Then the important lime juice in the sauce, using Thai rounded green limes that seem to be only found here is an extreme point in the sauce key tanginess. The sauce also uses palm sugar, fish sauce and thai chillies.
Plus to me, a Som Tam is never complete without its freshly fried peanuts, where I found is way much better than the varieties in Malaysia. Here they have these not too big and light peanut that they had roasted to perfection. Slight hint of black spot ones are the most fragrant.
It is also important to have the baby tomatoes, halved added into the Som Tam. I also usually call the most general version of Som Tam which adds in dried shrimps for taste.
Well this one I guess you can get it here in Malaysia, generally we eat with raw cabbages and winged beans, sometimes with basil leaves and spring onions. It is really fun eating raw vegetables dipping in som tam sauces.
Oh and not to forget one must have the Thai mortar to ‘pok pok’ your som tam together. It is essential indeed for the authentic taste. This mortar is not to be confused with our Chinese mortar and pestle, as the mortar is made of ceramic and the pestle made of wood. It is much deeper to fill in all the som tam ingredients. But if you insist, or you are desperate (I might someday), I found a few recipes which seemed promising:
Real Thai Recipes
Blue Elephant Recipe
For the love of Som Tam, I must have it every time I am in Bangkok. If I have a choice, I would have it for every meal even. As far as my love for Som Tam goes, I will stuff my mouth with it as much as possible before my chances of having the authentic ones in Bangkok itself ran out. This is definitely one dish I would miss.
Friday, June 29, 2007
I had Kanom Jeen for lunch. You can read all about it here in Eating Asia, where Robyn did a great justice to it. For me I am ‘suppose’ to be doing a quick post here. My time now is still ‘paid’, and not to write for sure.
This lovely spicy noodle came with arrays of fresh veggies (very good for a health freak like me). Fresh vegetables are ubiquitous here in Bangkok, the total opposite of Malaysia.
After the lunch, which is located in the market, we had a walk past the stalls selling various foods. My eyes feasted greedily from here to there, mouth watering and hands firmly holding my camera. The locals there must be confused, as I usually look like a local, and pretend like one most of the time, mumbling few Thai words as if it is my mother tongue. My colleague got intrigued with this stall and ask for two ‘balls’ which was then pick up, smashed up and mixed with everything else and then passed to my bewildered colleague. This is her two fried balls, now a smashed ‘rojak’. Anyway, as we are about to leave, we got called on by a lady to buy her sweets (I checked with my Thai friend here, it is called Ka Lak Meh, made of rice flour and sugar). She look so cute, marketing non-stop on her sweets, smiling so innocently, it got right to my heart. These are people who make me feel soft at the heart, and to know that not everybody has comfortable life. I told my colleague, how much can she get selling 1baht (10 cents) per piece of sweet, she need to sell at least 20 sweets to get a kanom jeen for lunch. With chance, I will surely go back there again and buy more from her.
Wednesday, January 31, 2007
I have been contemplating for a long time on how to present all the wondrous food of Bangkok that I had in my long-stay two times trip here. There is just so much to talk about from fresh fruits to som-tum to porks (which seems like the main meat here in contrast to Malaysia, where it is the universal white meat – chicken). Nonetheless, chicken will be featured here too of course, albeit in dimmer limelight, but still not forgotten.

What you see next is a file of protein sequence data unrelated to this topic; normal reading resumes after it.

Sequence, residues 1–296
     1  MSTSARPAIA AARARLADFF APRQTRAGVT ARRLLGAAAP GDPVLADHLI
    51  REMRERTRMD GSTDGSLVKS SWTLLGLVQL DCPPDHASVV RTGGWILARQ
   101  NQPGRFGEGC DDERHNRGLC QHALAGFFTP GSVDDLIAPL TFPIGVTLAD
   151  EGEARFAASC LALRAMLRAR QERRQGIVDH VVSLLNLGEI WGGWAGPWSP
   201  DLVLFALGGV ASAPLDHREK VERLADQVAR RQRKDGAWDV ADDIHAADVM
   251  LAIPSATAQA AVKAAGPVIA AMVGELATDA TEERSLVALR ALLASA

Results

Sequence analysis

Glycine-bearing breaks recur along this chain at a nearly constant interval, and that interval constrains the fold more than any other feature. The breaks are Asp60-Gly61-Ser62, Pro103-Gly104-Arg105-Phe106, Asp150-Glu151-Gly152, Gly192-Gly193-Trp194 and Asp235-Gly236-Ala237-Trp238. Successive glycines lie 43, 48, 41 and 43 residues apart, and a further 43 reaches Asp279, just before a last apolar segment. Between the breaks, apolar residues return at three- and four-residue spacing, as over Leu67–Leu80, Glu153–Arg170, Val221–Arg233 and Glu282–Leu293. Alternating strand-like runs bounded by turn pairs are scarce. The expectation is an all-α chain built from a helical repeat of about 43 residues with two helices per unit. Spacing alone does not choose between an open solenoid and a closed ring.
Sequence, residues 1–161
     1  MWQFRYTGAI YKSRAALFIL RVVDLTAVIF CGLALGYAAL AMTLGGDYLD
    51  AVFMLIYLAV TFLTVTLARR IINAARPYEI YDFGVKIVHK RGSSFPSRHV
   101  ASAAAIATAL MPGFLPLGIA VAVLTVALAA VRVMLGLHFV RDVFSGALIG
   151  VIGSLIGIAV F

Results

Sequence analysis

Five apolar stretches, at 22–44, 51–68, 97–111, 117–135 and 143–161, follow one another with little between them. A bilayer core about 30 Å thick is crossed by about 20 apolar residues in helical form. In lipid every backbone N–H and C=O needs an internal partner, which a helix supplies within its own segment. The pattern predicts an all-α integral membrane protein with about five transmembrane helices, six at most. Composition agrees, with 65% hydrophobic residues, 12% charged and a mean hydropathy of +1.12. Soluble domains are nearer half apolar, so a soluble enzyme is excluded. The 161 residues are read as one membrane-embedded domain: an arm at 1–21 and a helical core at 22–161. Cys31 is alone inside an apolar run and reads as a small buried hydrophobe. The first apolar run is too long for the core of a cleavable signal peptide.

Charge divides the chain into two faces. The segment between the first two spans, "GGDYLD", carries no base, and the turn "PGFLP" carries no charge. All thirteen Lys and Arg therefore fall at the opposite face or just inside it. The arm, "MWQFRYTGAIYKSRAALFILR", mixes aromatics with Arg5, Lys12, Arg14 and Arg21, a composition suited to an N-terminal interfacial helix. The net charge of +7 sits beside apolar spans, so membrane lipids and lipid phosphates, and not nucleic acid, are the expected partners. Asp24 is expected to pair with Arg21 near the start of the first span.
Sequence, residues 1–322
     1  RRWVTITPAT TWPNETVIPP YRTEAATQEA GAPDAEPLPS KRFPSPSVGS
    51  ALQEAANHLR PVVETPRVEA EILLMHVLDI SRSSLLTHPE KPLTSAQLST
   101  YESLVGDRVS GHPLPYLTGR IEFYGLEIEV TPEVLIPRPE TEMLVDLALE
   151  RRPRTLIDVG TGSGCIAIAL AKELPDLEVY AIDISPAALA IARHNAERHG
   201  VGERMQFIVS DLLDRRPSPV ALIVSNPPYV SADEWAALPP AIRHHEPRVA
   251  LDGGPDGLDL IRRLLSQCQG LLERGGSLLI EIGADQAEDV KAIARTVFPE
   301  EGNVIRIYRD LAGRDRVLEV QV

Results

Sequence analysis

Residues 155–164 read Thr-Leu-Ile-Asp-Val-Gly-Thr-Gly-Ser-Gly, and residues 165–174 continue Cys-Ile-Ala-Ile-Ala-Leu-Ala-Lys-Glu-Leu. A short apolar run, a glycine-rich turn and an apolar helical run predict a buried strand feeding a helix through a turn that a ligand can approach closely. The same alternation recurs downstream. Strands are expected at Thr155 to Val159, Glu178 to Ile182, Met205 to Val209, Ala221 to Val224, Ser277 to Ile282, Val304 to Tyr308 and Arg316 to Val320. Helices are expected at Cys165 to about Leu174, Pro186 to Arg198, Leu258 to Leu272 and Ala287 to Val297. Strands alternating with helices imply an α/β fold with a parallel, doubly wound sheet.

Here I go again, launching into ranting when I have just said I want to let pictures do the talking. I can’t resist it. I am a writer at heart squeezing in beside my tham-jiaknes. Anyway, for the Bangkok foods, I have tried searching around for proper info in the food I ate, its name and how it was made, but nonetheless, it was too many and much cannot be found on the web. Appreciate if any of you out there knows about it, would drop some comments for all of us to share.
Now I would kick-off my Bangkok food posts with street-snacks:
As I found out soon, all snacks in Thailand are of 10 baht, equivalent to RM1 in Malaysia. Everything is 10 baht, from fried stuff to ice cream to peanuts and to fruits and to even my favourite coconut. We find it cheap as the portion are usually very generous.
First up is my favourite snack from the street side vendor. It is called Kanom Kai Noak Garta, which are actually fried sweet potato balls. Crunchy and sweet at the same time, very moreish.
Then we have the Kanom Krok, which is actually coconut pancake, cooked in special pan. It is sweet, for the plain ones, and slightly savoury with the addition of the green onions. I welcome the taste of the spring onions as it brings this tiny little morsels into another level, weighing between sweet and savoury.
As I walk along the street after my lunch, I came across a stall grilling bananas. I just had to give it a try as all this while, this lovely fruit appear only as eaten plain, along with my ice creams, or mashed up into my muffins or banana cakes and also hidden in my pancakes sometimes plus sliced finely into my bowl of cereals. But never was it ever grilled and eaten before. We ordered a pack (10 baht of course) to go, and the lady gave a generous douse of palm sugar syrup onto it before handing it to us.
The Gluay Ping turn out to be chewier and stickier than I liked. It could get stuck in your teeth and also a bit rough edged (I don’t know how else to explain it). Maybe this stall did not give justice to these Gluay Pings as later, in my next trip, I had a tried on grilled sliced bananas on a stick which was much better, crispy on the outside with sweet and soft interior..